For more, read on….
Berkowitz explained that Allitt considered the founders “conservative innovators”, with Allitt writing that the Founders:
…work was simultaneously revolutionary, in that it created a written blueprint by which the nation would live, and conservative, in that it drew from the wisdom of the ages and aimed to embody the political lessons taught by the experience of generations.
Further, Lindberg describes that Allitt considers both the Federalist Papers and Democracy in America “conservative classics.” Back to Berkowitz:
While federalists led by Adams, Hamilton, and George Washington were seeking to consolidate the power of the national government, a conservatism emerged in the antebellum south that emphasized states’ rights and small government. John Taylor (1753–1824) and John Randolph (1773–1833) defended agrarian life and deplored city life, opposed standing armies and favored state militias, feared the participation in politics of the poor and propertyless, emphasized the political relevance of inequalities among men, stood against territorial expansion as a threat to citizens’ virtue, and argued that states had the inherent authority to reject congressional action that they determined to be inconsistent with the Constitution.
This points to the different varieties of conservatism that grew up in America. Thus, as Lindberg explains, there is no central conservative philosophy:
It will not do, then, to look for “conservatism” in a single set of policy positions or even a single stance on the central question of the day. The conservative sensibility begins with an attachment to some aspect of the social order and the impulse to protect it from threats arising from any and all directions. But what the qualities of the social order in need of protection actually are and what truly threatens them are issues that have always been highly contested. We find different kinds of conservatives taking different positions on major issues; what they have in common is the understanding that change often if not always comes with risk. A conservative crank who hates America because he thinks egalitarianism’s leveling tendencies have paved over the possibility of great achievement is no less a conservative than a conservative who cherishes American society for doing away with arbitrary hierarchical or class barriers to personal achievement.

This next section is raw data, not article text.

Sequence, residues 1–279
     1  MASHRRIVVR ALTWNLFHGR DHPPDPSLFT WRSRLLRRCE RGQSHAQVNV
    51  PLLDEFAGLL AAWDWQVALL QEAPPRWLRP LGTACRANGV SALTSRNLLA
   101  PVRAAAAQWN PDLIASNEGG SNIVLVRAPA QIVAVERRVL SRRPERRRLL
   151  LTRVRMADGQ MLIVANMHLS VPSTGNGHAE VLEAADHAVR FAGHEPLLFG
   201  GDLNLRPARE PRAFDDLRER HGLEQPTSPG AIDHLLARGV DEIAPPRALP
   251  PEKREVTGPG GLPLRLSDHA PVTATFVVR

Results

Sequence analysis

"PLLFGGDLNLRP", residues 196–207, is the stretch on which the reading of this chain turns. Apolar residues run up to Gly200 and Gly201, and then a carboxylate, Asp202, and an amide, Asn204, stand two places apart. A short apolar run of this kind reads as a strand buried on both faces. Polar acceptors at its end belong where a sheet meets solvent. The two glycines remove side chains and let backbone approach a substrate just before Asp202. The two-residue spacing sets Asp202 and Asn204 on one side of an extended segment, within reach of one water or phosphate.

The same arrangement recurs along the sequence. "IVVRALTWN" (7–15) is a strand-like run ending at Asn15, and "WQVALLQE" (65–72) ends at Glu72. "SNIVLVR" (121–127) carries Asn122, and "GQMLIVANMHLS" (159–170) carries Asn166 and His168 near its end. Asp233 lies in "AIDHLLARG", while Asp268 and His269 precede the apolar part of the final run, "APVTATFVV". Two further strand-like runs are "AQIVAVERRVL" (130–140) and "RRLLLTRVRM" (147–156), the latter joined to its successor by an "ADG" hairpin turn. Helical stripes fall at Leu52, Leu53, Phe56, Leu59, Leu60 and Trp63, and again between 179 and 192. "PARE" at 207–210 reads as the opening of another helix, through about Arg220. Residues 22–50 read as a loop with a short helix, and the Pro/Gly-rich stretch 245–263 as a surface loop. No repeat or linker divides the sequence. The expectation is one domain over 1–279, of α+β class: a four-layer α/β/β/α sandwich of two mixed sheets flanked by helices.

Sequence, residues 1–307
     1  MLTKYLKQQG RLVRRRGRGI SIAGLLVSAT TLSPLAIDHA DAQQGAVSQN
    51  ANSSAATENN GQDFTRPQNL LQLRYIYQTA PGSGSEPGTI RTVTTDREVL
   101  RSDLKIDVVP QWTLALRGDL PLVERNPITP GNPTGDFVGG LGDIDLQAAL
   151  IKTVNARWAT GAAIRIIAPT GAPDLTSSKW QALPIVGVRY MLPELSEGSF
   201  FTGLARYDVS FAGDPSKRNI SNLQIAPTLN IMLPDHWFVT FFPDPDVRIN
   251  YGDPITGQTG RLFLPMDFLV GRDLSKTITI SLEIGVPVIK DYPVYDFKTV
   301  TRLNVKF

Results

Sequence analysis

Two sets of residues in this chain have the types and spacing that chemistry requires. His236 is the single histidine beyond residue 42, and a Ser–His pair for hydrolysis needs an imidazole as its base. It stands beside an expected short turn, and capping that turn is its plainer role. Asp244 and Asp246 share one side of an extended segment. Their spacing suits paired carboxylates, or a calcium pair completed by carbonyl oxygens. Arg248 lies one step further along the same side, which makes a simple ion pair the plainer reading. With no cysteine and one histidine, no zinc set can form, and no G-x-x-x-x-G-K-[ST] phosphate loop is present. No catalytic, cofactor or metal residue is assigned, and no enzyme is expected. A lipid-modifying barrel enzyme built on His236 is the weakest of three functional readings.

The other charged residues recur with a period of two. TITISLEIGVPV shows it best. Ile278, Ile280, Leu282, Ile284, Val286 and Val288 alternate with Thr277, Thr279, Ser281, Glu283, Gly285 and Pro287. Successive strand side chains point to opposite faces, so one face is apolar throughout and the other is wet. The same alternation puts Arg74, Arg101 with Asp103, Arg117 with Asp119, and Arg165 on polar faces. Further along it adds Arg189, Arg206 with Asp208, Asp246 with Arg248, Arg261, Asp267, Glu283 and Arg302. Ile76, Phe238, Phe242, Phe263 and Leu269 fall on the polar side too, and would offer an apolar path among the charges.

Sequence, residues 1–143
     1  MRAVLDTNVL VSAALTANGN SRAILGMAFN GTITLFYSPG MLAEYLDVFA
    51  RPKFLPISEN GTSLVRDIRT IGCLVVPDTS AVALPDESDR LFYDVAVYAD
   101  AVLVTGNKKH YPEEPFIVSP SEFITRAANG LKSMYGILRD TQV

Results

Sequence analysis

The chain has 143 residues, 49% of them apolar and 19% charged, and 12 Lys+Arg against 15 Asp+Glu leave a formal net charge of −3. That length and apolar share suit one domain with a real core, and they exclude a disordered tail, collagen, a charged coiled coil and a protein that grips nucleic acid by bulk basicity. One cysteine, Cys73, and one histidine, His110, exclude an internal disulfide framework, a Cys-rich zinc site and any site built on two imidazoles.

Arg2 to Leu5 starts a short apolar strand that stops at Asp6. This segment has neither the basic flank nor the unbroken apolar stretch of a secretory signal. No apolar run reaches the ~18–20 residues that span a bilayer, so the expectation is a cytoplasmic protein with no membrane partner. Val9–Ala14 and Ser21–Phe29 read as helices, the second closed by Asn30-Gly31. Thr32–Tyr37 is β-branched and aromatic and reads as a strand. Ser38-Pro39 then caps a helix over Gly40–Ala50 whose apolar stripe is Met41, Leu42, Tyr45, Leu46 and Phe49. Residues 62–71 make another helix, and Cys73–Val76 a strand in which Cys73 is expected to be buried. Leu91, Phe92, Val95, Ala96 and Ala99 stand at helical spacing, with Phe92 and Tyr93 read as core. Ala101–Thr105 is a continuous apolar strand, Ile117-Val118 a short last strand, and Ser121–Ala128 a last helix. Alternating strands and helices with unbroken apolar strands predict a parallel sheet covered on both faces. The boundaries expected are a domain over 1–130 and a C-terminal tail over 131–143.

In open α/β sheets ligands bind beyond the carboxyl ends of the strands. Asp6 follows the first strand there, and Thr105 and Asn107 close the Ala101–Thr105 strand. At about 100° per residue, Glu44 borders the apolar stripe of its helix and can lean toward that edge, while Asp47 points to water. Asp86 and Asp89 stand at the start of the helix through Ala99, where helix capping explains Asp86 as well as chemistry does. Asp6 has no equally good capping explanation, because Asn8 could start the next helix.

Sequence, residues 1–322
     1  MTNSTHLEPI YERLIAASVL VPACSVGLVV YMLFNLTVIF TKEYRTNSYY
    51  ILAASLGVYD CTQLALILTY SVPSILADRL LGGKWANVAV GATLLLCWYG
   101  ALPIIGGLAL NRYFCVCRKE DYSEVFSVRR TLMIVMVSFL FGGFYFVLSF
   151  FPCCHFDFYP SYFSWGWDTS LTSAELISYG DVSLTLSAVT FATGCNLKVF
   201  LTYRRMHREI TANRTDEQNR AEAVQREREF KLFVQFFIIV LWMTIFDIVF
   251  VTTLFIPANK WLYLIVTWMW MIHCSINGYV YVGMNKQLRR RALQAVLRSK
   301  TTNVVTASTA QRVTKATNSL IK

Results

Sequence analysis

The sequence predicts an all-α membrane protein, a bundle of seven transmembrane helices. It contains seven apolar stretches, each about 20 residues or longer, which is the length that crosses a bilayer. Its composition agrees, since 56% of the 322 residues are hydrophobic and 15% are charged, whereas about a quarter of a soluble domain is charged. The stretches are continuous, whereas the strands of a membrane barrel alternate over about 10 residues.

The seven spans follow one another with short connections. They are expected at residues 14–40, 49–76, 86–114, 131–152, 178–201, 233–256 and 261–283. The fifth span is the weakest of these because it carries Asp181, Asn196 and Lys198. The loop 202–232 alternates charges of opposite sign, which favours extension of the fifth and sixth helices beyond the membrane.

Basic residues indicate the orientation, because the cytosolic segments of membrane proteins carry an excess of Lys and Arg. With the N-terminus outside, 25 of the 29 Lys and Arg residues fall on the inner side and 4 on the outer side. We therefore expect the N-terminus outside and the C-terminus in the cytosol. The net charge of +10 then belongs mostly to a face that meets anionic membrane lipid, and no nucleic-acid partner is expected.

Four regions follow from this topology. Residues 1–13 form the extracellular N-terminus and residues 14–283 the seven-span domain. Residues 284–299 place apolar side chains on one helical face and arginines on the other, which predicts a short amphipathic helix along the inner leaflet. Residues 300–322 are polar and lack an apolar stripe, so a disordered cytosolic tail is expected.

The picture is further complicated by the fact that the American constitutional order itself and the principles on which the American political system was founded are unmistakably liberal in the classical sense of the term, as was the colonial society out of which the United States arose. One essential element of liberal society is dynamism born of free-market economic arrangements. Thus we have a branch of conservatism paradoxically dedicated to protecting the conditions that allow for change.
Because the task many conservatives have set themselves to (whether they see it that way or not) is the conservation of classical liberalism, in many cases they are not simply enemies of liberalism, even if progressives see them that way. Because progressives know that progressivism entails forward motion, most of them conclude that conservatism must entail backward motion. This view is mostly wrong. More often than not, the conservative position amounts to nothing more than a brake applied in the name of stability on the forward motion that classical liberalism set in train.